My therapist basically told me the same thing. He’d be happy to talk to me about autism issues, but he he didn’t think he had a lot to offer. He said when he diagnosed me, it was just because he wanted me to know. He thought it would help me understand myself better.

And he was so right! Especially when it comes to taking things literally. I struggle with that even when I know I’m doing it. Also, my writing! People praise me sometimes for writing very carefully and boiling complex ideas down and organizing them so they’re easily understood.

What they don’t realize is how frustrated I feel when other people don’t do the same thing. It’s not because I’m judging their communication skills, it’s because I genuinely struggle to understand what they mean.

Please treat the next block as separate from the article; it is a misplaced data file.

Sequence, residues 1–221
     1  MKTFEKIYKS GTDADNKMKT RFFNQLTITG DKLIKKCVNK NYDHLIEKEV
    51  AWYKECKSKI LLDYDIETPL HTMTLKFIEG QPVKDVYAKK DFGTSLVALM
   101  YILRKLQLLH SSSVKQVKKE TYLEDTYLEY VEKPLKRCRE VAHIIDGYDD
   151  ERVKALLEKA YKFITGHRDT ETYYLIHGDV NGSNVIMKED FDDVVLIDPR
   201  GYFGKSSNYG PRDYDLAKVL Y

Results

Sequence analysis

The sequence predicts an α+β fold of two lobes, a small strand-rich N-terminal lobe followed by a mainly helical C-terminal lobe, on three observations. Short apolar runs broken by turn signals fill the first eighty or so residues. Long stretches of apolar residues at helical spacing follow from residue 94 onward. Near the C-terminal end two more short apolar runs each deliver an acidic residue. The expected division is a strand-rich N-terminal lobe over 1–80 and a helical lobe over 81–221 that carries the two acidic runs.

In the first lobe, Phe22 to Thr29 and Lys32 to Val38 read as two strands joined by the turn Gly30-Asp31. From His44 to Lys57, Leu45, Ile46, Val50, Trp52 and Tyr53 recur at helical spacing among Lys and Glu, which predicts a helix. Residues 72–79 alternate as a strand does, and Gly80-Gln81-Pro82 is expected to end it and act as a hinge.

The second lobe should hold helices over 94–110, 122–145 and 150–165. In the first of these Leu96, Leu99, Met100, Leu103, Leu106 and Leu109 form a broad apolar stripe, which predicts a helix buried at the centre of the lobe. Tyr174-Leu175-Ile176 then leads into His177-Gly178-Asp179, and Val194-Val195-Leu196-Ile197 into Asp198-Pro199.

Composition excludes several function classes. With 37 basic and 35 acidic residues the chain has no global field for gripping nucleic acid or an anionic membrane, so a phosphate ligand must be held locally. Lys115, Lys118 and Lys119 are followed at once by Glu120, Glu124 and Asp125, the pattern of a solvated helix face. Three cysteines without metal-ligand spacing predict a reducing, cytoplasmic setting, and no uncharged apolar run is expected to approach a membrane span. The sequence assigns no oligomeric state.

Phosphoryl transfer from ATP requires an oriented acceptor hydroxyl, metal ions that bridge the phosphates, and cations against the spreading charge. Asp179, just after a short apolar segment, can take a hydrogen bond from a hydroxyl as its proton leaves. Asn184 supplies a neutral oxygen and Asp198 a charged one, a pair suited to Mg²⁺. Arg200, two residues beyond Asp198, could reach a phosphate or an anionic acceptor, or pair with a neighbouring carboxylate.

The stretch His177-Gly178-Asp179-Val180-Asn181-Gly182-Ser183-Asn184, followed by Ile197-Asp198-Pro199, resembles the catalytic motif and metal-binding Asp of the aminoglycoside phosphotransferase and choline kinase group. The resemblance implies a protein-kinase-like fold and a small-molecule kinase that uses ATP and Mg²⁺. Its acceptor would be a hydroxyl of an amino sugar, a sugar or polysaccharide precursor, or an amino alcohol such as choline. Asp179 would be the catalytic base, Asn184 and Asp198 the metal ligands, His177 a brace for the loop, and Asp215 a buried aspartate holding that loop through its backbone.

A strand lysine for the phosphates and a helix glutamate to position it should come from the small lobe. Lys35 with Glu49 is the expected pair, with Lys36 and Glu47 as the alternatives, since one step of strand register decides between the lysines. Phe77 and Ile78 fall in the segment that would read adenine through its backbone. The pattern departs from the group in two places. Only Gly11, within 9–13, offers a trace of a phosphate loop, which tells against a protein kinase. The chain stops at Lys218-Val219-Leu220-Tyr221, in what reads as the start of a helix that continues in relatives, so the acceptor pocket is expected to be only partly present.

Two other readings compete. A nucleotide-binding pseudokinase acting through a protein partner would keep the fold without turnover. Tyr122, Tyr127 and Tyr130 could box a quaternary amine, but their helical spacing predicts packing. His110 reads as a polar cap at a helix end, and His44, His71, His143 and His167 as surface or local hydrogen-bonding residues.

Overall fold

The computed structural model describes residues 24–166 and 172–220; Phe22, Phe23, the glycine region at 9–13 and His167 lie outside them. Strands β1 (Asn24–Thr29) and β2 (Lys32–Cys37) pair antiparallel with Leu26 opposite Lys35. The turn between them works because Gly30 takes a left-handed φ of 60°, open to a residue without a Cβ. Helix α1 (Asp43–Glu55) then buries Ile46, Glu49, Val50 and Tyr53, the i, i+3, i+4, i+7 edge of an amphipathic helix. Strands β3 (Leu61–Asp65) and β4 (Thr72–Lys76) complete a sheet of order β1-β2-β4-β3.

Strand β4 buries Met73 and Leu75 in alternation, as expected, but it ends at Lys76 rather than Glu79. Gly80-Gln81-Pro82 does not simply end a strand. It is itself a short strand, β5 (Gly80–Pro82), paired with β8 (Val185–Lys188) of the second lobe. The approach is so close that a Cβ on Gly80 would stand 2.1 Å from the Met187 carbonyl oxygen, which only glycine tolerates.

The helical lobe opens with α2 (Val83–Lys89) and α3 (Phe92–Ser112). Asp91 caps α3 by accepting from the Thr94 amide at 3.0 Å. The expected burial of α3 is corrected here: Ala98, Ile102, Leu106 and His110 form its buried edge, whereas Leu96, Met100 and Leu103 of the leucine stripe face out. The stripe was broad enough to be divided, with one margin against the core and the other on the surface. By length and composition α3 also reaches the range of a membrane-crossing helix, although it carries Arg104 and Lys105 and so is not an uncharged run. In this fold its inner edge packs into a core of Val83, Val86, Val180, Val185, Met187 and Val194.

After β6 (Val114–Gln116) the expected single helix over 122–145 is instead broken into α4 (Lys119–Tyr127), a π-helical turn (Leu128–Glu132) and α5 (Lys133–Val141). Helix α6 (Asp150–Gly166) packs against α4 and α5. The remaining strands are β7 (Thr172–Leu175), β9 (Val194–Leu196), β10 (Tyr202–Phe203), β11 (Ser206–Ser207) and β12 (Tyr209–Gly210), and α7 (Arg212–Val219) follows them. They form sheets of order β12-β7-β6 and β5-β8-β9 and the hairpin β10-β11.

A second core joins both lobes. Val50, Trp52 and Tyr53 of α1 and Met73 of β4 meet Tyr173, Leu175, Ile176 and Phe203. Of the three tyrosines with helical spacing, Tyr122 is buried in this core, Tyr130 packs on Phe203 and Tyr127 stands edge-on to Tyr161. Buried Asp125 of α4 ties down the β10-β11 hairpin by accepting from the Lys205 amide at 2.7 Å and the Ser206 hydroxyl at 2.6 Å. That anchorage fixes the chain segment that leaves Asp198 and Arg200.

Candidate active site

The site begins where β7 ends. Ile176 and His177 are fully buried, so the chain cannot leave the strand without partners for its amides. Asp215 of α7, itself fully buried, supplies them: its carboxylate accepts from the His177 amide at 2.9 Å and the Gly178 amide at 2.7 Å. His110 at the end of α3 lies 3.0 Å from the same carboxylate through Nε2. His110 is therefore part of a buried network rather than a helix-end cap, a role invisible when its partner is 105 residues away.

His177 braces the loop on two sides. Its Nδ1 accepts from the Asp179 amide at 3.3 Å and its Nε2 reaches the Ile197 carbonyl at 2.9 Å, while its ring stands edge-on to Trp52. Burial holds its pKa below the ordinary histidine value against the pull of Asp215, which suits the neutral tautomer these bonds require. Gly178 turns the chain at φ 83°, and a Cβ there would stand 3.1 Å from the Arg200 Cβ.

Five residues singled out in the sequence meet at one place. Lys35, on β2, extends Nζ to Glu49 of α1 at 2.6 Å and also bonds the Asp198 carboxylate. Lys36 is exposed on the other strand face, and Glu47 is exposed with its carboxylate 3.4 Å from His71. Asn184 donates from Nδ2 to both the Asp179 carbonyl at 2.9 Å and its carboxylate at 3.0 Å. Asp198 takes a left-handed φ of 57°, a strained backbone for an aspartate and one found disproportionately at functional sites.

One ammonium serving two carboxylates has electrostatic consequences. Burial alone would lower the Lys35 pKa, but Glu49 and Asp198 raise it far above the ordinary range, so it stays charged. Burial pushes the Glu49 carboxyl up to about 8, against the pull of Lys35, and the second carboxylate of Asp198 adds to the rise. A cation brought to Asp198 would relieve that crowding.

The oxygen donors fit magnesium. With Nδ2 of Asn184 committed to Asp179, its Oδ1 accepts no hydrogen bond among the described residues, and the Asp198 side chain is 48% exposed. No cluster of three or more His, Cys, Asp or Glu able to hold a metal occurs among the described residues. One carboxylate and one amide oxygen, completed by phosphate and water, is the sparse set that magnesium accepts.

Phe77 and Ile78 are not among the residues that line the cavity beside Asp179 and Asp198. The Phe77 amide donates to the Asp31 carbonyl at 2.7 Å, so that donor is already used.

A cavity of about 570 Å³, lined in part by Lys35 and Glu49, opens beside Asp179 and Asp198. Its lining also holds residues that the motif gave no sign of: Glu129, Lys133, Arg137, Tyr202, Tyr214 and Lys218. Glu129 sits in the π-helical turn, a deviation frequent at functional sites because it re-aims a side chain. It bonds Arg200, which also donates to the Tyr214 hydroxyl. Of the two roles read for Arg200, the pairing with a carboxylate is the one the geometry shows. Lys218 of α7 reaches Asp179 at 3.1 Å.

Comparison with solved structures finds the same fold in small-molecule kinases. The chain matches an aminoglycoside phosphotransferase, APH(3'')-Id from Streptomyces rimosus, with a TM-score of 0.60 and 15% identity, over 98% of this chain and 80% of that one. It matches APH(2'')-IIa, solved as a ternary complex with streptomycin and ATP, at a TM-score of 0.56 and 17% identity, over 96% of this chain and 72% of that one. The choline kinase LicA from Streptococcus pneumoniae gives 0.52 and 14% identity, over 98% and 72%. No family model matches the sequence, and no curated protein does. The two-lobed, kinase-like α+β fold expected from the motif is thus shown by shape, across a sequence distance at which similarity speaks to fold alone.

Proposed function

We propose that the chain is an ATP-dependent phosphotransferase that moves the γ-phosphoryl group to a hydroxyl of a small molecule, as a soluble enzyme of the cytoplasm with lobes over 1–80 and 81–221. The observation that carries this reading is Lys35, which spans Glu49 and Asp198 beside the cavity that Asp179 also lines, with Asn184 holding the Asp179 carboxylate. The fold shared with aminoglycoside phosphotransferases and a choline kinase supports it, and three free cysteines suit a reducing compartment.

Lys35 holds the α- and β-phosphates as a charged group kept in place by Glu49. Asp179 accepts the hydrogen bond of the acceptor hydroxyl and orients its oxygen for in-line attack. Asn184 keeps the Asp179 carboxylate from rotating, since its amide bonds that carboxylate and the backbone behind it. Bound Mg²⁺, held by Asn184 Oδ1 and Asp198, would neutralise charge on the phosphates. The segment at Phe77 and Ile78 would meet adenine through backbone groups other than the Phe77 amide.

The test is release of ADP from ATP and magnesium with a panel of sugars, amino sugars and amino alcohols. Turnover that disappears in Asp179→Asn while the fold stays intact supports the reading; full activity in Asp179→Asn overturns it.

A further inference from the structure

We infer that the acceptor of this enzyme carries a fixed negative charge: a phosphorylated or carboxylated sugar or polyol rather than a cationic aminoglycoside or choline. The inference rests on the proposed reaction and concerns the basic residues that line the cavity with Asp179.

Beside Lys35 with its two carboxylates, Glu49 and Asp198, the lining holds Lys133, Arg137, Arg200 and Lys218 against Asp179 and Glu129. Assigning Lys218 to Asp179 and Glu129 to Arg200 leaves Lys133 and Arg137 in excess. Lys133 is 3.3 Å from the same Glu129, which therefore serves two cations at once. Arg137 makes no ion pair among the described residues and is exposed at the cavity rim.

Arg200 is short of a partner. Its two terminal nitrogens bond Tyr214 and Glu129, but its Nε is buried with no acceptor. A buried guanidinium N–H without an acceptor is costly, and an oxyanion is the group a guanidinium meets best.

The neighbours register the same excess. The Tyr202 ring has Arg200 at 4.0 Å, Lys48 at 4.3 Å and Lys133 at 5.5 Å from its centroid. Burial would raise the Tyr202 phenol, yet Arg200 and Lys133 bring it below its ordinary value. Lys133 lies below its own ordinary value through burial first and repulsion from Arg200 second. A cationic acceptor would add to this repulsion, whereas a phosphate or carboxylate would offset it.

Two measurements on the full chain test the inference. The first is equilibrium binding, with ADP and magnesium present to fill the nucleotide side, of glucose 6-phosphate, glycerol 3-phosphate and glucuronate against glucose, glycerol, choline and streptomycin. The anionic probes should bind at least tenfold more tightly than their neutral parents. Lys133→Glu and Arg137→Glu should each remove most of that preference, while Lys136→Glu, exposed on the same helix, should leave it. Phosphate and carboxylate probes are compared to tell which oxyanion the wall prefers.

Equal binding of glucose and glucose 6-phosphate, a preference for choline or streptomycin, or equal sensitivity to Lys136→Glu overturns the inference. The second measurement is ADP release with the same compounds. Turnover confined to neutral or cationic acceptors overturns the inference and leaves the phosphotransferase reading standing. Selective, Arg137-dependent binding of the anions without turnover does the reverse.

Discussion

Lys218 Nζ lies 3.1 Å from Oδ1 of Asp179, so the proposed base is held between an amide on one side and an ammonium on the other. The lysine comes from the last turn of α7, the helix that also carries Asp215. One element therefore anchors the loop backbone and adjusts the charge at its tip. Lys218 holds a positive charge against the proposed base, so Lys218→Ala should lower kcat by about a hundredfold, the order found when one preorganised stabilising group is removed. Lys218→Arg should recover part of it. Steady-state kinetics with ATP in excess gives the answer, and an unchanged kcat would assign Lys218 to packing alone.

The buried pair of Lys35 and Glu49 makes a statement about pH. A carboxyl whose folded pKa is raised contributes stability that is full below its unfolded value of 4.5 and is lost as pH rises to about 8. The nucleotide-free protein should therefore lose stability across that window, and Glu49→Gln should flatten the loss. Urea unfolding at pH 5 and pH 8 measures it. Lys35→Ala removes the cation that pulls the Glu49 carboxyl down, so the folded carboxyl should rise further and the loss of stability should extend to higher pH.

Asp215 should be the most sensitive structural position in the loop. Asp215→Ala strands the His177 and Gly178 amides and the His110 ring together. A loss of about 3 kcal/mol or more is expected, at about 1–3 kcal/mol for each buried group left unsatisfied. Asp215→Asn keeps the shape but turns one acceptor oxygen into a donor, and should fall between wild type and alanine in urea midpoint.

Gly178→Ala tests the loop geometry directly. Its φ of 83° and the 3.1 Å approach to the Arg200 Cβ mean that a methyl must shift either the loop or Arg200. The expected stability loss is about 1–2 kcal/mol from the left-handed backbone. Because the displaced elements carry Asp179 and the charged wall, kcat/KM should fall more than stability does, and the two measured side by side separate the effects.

I think I was an excellent intel analyst in the Air Force BECAUSE of my autism, not despite it. Military life suited me to a tee. I didn’t have to figure out people’s feelings, I just had to follow carefully written instructions and issue my own. And as for the actual work? Geeking out on analyzing Soviet force structures was awesome. I’d put in 12 hour days organizing reams of data and teasing out conclusions that nobody guessed were there to find.

And all along I had no idea that I loved it because of how my brain works.

I should write about it some, I think. I’ll start getting some ideas together.

Writer. Runner. Marine. Airman. Former LGBTQ and HIV activist. Former ActUpNY and Queer Nation. Polyglot. Middle-aged, uppity faggot.

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